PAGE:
The left hemisphere of the brain controls the motor skills of the right side of the body and vice versa. By stimulating the parietal cortex, which plays a key role in processing spatial relationships and planning movement, the neurons that govern motor skills were disrupted.

“You’re handicapping the right hand in this competition, and giving the left hand a better chance of winning,” said Flavio Oliveira, a UC Berkeley postdoctoral researcher in psychology and neuroscience and lead author of the study, published in the journal Proceedings of the National Academy of Sciences.

The study’s findings challenge previous assumptions about how we make decisions, revealing a competitive process, at least in the case of manual tasks. Moreover, it shows that TMS can manipulate the brain to change plans for which hand to use, paving the way for clinical advances in the rehabilitation of victims of stroke and other brain injuries.

“By understanding this process, we hope to be able to develop methods to overcome learned limb disuse,” said Richard Ivry, UC Berkeley professor of psychology and neuroscience and co-author of the study.

At least 80 percent of the people in the world are right-handed, but most people are ambidextrous when it comes to performing one-handed tasks that do not require fine motor skills.

“Alien hand syndrome,” a neurological disorder in which victims report the involuntary use of their hands, inspired researchers to investigate whether the brain initiates several action plans, setting in motion a competitive process before arriving at a decision.

While the study does not offer an explanation for why there is a competition involved in this type of decision-making, researchers say it makes sense that we adjust which hand we use based on changing situations. “In the middle of the decision process, things can change, so we need to change track,” Oliveira said.

In TMS, magnetic pulses alter electrical activity in the brain, disrupting the neurons in the underlying brain tissue. While the current findings are limited to hand choice, TMS could, in theory, influence other decisions, such as whether to choose an apple or an orange, or even which movie to see, Ivry said.

With sensors on their fingertips, the study’s participants were instructed to reach for various targets on a virtual tabletop while a 3-D motion-tracking system followed the movements of their hands. When the left posterior parietal cortex was stimulated, and the target was located in a spot where they could use either hand, there was a significant increase of the use of the left hand, Oliveira said.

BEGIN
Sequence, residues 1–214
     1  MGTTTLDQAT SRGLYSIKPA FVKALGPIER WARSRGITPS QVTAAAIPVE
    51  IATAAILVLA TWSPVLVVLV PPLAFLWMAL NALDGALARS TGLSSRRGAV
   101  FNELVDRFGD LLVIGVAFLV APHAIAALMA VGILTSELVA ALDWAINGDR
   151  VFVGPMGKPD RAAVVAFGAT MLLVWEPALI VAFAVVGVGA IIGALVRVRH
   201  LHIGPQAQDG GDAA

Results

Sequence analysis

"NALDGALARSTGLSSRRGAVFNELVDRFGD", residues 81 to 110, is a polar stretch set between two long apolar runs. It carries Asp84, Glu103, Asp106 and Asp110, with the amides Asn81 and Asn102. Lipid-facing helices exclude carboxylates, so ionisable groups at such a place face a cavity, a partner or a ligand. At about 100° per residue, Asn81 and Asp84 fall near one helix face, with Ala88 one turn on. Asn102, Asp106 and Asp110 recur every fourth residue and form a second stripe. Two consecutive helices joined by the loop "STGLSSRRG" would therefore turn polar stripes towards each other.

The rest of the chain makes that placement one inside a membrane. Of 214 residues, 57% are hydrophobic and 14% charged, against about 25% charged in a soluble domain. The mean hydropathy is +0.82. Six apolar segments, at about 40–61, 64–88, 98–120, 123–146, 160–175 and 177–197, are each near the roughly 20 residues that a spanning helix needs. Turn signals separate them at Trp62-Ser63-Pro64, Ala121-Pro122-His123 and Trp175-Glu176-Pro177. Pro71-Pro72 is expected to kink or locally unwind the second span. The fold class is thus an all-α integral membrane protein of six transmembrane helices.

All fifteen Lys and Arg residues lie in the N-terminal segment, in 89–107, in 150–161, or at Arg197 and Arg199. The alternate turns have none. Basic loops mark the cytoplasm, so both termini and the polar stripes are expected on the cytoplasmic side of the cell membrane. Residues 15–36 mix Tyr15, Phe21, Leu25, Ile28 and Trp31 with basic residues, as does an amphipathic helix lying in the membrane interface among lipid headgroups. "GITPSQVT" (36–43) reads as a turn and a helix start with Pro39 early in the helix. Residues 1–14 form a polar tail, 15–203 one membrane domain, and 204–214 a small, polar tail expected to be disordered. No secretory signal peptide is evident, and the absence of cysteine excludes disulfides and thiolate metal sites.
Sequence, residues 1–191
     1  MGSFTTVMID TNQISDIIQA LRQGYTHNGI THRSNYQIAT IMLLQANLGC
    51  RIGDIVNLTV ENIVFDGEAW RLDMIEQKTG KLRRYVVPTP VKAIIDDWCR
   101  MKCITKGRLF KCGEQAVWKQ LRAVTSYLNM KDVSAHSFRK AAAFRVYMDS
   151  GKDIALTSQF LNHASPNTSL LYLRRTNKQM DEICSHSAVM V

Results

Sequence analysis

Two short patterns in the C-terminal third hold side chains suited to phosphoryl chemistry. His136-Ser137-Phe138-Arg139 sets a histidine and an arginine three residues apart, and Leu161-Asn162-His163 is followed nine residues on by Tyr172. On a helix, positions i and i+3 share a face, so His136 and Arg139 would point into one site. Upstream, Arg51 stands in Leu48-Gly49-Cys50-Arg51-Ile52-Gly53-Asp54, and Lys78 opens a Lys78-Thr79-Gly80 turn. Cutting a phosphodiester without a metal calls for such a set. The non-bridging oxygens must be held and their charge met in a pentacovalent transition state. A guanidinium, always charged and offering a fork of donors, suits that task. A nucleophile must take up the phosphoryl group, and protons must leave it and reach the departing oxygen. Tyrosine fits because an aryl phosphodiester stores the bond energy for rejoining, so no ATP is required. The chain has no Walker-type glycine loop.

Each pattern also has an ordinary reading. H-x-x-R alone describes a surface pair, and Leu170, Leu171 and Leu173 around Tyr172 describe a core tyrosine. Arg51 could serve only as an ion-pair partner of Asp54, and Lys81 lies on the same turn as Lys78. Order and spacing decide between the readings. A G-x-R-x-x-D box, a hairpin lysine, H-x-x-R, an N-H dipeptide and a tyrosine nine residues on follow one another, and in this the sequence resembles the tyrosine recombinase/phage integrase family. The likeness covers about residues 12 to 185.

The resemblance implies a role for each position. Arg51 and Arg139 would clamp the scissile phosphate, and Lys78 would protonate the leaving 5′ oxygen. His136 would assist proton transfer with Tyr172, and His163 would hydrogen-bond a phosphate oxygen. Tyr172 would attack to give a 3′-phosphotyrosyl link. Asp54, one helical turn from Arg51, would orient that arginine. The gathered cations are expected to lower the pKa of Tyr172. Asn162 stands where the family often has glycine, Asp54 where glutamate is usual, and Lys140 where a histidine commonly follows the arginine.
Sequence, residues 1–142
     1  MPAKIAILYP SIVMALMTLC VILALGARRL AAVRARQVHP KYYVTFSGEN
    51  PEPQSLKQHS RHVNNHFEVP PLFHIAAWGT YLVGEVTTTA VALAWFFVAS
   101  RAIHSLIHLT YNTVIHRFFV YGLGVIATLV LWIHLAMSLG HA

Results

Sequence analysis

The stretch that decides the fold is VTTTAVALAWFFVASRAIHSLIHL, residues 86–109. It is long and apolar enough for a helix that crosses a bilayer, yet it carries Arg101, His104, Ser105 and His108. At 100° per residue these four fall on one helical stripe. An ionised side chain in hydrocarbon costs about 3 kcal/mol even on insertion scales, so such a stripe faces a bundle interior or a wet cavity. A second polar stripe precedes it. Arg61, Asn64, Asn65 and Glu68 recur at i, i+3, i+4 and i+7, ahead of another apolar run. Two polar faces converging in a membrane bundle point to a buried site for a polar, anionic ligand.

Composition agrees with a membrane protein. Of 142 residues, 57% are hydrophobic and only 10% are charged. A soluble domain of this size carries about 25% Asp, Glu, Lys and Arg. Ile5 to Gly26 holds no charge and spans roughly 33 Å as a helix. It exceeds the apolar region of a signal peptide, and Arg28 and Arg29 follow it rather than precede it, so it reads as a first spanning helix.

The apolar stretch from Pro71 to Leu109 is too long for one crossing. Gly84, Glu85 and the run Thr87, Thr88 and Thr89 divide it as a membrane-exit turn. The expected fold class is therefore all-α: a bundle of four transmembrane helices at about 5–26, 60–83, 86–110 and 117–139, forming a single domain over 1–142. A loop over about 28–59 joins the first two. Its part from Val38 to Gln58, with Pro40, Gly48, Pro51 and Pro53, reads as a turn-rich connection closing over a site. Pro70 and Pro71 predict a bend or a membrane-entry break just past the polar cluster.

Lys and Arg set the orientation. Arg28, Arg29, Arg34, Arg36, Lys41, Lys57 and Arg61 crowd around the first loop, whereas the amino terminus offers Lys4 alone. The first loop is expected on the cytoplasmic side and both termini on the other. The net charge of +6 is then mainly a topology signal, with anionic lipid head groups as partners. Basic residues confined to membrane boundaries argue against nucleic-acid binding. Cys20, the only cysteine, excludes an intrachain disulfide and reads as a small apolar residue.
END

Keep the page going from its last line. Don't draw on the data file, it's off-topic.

Other coauthors of the study are Jörn Diedrichsen from University College London, Timothy Gerstner from the University of Pittsburg and Julie Duque from the Université Catholique de Louvain in Belgium.

The study was funded by the Natural Sciences and Engineering Research Council of Canada, the Canadian Institutes of Health Research, the National Institutes of Health, the National Science Foundation and the Belgian American Educational Foundation.

Story Source:

The above story is reprinted (with editorial adaptations by ScienceDaily staff) from materials provided by University of California — Berkeley.

Journal Reference:

Flavio T. P. Oliveira, Jörn Diedrichsen, Timothy Verstynen, Julie Duque, Richard B. Ivry. Transcranial magnetic stimulation of posterior parietal cortex affects decisions of hand choice. Proceedings of the National Academy of Sciences, 2010; DOI: 10.1073/pnas.1006223107

Interaction With Neighbors: Neuronal Field Simulates Brain Activity

September 30, 2010 Leave a comment

Voltage-sensitive dye imaging across the surface of visual cortex revealed propagating activity waves which may be conveyed by long horizontal neuronal connections. (Credit: Image courtesy of Ruhr-Universitaet-Bochum)